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Men are constantly being encouraged to appreciate women—like men are the only ones who forget to appreciate their partners.
But ladies, appreciation goes both ways.
I’ve been guilty of this in my past relationships.
In a society where nothing ever seems enough, including us, it can become easy to mirror this in our personal lives and relationships.
We are expected to be thinner, more attractive, more successful, more outgoing, and more helpful—I could go on forever here.
We develop high expectations for ourselves, and sometimes all that we come to expect from ourselves can be projected onto others, including our men, our partners in crime.
In the beginning, we rave to our friends and family about our men, but somewhere along the way, all the positives give way to negatives.
I know I’m not the only one who has gone to mom or dad, or a friend, and divulged less than flattering details about my partner and relationship.
We all do this, we just don’t like to talk about doing it.
“He hugs me and the world disappears,” is replaced by, “He always leaves smelly socks under the bed.”
“He’s so good to his family,” becomes, “He forgot I had an important meeting this week and didn’t wish me luck.”
This is a person who stole our hearts, inspired us to be better, to love more, and stirred the passion deep within our soul.
This is a person who wiped the tears from our eyes, listened to our stories without running, and made us feel like we were more than enough.
I’m sure he has changed, we all do, but chances are, the qualities that had us falling head over heels for him are still there.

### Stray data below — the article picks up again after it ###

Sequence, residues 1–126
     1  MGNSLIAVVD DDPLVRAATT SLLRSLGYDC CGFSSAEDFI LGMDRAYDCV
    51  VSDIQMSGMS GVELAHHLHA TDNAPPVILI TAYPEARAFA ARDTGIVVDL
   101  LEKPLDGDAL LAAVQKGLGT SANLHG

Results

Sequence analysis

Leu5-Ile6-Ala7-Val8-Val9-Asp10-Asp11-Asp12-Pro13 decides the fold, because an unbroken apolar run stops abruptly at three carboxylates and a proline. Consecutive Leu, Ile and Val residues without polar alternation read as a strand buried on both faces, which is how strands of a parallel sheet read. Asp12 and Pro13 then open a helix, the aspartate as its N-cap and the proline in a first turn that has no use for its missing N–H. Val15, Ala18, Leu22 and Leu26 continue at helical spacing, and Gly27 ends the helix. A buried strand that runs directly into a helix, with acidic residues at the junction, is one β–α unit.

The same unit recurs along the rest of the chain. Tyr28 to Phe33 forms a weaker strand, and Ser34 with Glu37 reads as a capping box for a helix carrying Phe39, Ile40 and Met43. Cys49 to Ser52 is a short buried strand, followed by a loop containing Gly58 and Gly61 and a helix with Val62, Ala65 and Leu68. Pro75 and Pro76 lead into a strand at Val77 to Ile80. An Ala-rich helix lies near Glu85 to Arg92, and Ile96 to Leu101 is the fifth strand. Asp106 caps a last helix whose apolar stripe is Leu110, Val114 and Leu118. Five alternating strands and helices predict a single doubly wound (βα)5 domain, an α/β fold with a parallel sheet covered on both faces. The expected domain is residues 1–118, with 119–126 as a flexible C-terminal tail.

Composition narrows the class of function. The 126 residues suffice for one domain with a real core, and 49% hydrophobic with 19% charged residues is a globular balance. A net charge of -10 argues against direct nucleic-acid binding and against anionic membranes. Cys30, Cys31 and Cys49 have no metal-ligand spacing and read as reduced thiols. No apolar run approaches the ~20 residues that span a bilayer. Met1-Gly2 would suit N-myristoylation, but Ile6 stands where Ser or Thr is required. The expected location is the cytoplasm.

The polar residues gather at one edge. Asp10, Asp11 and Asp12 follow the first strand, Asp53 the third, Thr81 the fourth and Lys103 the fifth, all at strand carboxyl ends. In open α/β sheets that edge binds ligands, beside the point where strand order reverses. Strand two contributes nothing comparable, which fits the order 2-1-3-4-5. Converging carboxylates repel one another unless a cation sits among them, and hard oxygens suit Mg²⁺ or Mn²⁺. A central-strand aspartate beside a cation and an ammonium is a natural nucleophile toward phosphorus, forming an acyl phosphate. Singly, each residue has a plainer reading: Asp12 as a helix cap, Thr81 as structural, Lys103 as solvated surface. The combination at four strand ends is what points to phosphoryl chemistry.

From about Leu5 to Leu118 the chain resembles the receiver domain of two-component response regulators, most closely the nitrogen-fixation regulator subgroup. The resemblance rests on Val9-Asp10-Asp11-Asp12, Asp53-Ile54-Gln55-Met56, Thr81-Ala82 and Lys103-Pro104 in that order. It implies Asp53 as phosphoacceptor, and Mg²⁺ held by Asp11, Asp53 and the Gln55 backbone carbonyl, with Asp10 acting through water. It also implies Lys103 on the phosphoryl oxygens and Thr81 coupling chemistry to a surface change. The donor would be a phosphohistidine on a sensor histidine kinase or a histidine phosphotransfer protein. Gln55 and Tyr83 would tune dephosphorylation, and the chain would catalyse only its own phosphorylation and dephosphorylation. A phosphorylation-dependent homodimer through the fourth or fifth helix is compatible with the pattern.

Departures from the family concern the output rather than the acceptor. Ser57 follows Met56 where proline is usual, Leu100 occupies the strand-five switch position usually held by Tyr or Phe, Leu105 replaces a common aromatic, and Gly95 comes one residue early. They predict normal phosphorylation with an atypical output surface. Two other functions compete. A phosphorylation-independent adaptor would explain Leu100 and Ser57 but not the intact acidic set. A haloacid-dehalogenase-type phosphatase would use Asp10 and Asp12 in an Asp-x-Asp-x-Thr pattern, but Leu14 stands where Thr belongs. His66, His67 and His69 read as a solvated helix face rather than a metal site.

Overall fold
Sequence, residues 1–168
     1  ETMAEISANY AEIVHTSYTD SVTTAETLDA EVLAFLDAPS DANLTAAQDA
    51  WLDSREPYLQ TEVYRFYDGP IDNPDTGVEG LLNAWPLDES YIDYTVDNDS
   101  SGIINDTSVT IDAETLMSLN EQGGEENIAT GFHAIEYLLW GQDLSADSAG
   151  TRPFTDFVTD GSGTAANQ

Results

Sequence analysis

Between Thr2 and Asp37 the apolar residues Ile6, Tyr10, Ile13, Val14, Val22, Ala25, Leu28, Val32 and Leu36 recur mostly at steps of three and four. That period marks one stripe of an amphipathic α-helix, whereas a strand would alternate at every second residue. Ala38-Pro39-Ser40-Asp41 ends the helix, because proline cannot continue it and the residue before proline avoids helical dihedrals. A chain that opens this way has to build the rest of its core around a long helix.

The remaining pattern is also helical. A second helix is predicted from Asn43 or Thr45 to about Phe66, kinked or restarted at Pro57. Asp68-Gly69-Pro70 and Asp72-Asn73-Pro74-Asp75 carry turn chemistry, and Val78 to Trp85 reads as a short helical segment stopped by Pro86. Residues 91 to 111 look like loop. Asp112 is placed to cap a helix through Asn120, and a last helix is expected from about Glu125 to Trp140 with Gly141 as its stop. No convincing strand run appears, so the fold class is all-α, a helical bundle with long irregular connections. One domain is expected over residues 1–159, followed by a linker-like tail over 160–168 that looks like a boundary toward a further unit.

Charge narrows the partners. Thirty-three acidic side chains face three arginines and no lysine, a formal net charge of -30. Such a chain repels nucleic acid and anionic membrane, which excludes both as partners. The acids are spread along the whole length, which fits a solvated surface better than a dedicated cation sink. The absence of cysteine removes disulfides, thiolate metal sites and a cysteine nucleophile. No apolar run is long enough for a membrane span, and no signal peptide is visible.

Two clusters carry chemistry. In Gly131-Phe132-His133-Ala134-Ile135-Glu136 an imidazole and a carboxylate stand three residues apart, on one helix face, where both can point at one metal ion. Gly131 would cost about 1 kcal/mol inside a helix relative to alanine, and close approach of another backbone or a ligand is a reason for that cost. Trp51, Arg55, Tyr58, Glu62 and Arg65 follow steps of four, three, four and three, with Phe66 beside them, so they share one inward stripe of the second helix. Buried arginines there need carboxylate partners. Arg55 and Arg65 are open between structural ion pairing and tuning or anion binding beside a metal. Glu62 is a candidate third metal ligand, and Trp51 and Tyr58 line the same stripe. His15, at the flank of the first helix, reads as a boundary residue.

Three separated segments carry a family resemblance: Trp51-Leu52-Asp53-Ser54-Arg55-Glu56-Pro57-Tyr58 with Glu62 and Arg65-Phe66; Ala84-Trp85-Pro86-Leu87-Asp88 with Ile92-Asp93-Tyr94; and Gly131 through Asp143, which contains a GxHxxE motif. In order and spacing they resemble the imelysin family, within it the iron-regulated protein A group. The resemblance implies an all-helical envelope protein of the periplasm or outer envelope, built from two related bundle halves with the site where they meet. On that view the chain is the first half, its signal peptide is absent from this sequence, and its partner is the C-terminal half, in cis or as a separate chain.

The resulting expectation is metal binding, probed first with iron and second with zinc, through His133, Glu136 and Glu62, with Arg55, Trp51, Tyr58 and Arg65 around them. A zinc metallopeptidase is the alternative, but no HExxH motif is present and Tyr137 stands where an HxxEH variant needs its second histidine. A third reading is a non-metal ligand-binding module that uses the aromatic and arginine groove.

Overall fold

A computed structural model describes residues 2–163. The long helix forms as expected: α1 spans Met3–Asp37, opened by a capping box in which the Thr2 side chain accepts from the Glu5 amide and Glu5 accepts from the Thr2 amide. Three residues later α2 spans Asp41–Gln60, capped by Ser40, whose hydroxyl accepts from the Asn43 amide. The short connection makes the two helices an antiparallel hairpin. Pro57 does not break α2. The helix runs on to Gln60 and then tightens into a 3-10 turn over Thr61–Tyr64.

When we become focused on only the negatives, we invite in more negativity. When we focus on the positives, we invite in more positivity.
If we complain and nit-pick constantly, it can leave our men feeling like there isn’t anything we love about them.
Eventually, they’ll begin to question why we’re with them. They’ll become focused on themselves and all the ways they must be lacking.
It doesn’t leave them with much time to show their appreciation for the woman they love, and it can create one very grumpy person.
Although society is making us believe that women are sensitive and men are not, this simply isn’t true.
Men are just as sensitive as women, they can feel and sense subtle changes and negative energy, too.
Men are not from Mars, and women are not from Venus—men and women walk this earth together, and their needs and wants are very much the same.
If we want our men to show us appreciation, we can be the kick a*s leaders we are as women, and literally model for them the type of behaviors we wish to see.
We can also openly communicate with our men if we are feeling under-appreciated, instead of just passive-aggressively posting articles about our concerns.
Chances are they will reassure us, and our men will also be far more likely to express their own concerns and feelings with us in return.
We could find that they feel equally under-appreciated and, at that point, we can discuss each others’ expectations so both partners are better able to meet them.
Open and honest communication is an extremely important part of healthy relationships of any kind, especially our romantic partnerships.
If we don’t clearly communicate our expectations, feelings, and concerns, the people around us don’t know what we need, or what we want.
Deep down, even if they don’t voice it, like we as women so often don’t, men want to feel appreciated and cherished.
We can tell them how much we appreciate that they took out the garbage.
We can tell them how much we appreciate when they listen to our concerns without judgement.
We can tell them that we appreciate them giving their heart, their kind soul, and their artistic abilities—anything—we just can’t forget to appreciate them like we wish to be appreciated.
Placing a focus on the positive parts of our partners, ourselves, and our relationships, is the quickest way to usher in more positivity.
If we’re lucky to be in a relationship, to have a partner investing their energy and pouring their love into us, let’s cherish them, be open with them, and try to focus on the good we see in them.
Then, we can watch and enjoy the real magic of a balanced relationship flourishes and unfolds.
Author: Amanda Dobby
Image: Flickr/Christian Lauer
Editor: Sara Kärpänen
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